The fighting erupted as US forces intensified their war against al-Sadr on Friday, sending tanks into Najaf's vast cemetery to blast guerrilla positions on sacred ground in the holy city for the first time.
At least four dead and 26 wounded - mostly civilians caught in the crossfire - had been taken to Najaf's hospital by Friday afternoon, officials there said. Many more were believed to have been killed in the cemetery, but their bodies had yet to be collected, they added.
Explosions and gunfire rocked Najaf for about six hours while fighting raged around the main police station, less than a kilometre from some of the most revered Shia shrines.
Aljazeera's correspondent reported six US tanks had entered in Thawrat al-Aishrin square near the police station since Thursday night. More tanks joined them on Friday while US helicopters flew overhead.
The fighting in Najaf prompted top Shia Muslim cleric Grand Ayat Allah Ali Sistani to call on both US forces and al-Sadr's militiamen to cease fighting and leave the holy city.
Amid the clashes, al-Sadr aides showed journalists three holes in the gilded dome of the Imam Ali mosque nearby, the most sacred Shia shrine.
Each side pointed the finger of blame at the other.
A battle has been raging at an
ancient cemetery in Najaf
"Let me make it clear we did not attack the shrine of Imam Ali," US military spokesman Brigadier General Mark Kimmitt said in Baghdad.
Gunfire and loud explosions were also heard coming from an area south of Najaf known as Bahr al-Najaf, where about 2500 US soldiers are camped in the desert.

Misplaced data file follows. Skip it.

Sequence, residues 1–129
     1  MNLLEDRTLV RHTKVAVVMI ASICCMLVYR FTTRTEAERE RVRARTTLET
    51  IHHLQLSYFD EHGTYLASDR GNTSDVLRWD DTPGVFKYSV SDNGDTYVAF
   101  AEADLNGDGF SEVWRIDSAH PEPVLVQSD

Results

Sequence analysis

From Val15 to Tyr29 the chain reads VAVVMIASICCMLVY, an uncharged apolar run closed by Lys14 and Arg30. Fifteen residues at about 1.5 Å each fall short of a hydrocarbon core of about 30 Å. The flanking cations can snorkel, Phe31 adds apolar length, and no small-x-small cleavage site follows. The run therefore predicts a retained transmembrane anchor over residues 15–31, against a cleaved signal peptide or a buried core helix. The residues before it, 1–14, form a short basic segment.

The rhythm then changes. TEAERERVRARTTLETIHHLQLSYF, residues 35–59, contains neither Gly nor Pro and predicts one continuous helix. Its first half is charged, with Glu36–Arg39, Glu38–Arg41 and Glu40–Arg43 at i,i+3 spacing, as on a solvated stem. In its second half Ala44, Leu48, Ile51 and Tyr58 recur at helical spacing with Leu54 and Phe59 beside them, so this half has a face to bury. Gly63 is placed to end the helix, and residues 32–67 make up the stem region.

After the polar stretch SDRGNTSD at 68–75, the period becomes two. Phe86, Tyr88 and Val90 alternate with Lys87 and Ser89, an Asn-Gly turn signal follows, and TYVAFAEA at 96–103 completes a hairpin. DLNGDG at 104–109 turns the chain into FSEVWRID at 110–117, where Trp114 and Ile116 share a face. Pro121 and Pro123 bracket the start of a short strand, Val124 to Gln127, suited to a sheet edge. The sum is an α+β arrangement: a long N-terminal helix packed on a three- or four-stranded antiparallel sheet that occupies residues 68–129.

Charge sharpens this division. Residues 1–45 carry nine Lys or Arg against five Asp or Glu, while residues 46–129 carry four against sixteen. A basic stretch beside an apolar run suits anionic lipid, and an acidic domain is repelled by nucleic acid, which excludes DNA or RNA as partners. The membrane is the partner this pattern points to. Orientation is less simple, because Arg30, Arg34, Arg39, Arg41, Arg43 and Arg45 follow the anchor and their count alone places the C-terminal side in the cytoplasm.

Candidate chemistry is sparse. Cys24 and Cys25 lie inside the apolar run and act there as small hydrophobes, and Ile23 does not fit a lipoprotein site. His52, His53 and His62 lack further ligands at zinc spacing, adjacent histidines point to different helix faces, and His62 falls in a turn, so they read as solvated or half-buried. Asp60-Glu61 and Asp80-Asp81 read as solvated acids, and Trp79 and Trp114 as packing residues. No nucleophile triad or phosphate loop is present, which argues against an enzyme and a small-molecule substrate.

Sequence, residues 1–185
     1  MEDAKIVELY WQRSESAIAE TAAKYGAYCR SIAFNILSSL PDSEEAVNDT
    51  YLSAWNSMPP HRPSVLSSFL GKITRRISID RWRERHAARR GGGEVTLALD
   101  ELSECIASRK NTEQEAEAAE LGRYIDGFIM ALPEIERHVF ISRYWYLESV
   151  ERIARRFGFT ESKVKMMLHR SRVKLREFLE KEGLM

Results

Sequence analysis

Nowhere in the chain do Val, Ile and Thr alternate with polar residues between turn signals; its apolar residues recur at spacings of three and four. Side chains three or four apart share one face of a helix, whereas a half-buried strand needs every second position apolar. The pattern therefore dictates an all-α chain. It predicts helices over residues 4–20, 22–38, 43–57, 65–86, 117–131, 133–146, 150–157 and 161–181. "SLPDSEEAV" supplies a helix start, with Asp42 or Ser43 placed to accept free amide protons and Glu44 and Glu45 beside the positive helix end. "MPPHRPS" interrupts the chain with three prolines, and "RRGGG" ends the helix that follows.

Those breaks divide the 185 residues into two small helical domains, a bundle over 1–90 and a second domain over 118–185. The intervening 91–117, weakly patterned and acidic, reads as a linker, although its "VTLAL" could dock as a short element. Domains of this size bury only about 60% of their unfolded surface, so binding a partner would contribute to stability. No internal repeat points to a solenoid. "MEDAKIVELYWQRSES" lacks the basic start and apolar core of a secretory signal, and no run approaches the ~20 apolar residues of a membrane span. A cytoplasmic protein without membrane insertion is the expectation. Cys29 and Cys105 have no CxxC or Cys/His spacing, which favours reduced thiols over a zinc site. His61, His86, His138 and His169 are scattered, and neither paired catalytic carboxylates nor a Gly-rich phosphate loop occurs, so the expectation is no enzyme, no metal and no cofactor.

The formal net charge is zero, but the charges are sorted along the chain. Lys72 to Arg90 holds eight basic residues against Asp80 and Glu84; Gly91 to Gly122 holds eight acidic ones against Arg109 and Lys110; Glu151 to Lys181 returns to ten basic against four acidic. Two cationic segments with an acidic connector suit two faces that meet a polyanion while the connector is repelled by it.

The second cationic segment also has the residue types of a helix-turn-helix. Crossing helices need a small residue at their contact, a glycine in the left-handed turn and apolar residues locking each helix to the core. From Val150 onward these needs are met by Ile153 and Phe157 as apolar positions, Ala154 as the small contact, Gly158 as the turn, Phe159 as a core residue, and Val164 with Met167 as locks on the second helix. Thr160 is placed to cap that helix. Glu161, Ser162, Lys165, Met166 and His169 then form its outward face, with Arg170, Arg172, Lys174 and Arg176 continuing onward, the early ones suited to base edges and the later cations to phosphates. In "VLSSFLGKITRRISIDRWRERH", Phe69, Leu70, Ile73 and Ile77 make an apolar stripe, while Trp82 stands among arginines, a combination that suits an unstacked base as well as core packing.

Al-Sadr's fighters have dug in with heavy weapons on a hill overlooking Bahr al-Najaf, about 100 metres south of the shrine. Their military command post is also in this area right behind the shrine.
The fighting comes one day after Najaf's new police chief Ghalib al-Jazairi accused fighters of "terrorising" residents and asked them to leave.
Militiamen loyal to al-Sadr raided a police station on Friday in the southern city of Karbala and escaped with a cache of assault rifles, police said.
Only six people were in the police station at the time of the raid with 300 other officers out on patrol, a spokesman said.
The raid followed a similar swoop by members of al-Sadr's Mahdi militia in Najaf late on Wednesday when they stole about 100 weapons and beat up a senior officer.
Earlier, residents reported intermittent gunfire in Karbala, where US troops and al-Sadr's militia have fought intense battles this week.
Shia fighters also took over the governor's offices in al-Nasiriya, south of Najaf, and the city was tense.
Elsewhere, northeast of Baghdad, a bomb exploded in front of the house of a tribal chief, killing him and one of his daughters.
The motive for the killing in Muqdadiyah of Rakan Mughir, head of the Miahi tribe, was unclear. However, residents said he had been cooperating with occupation forces.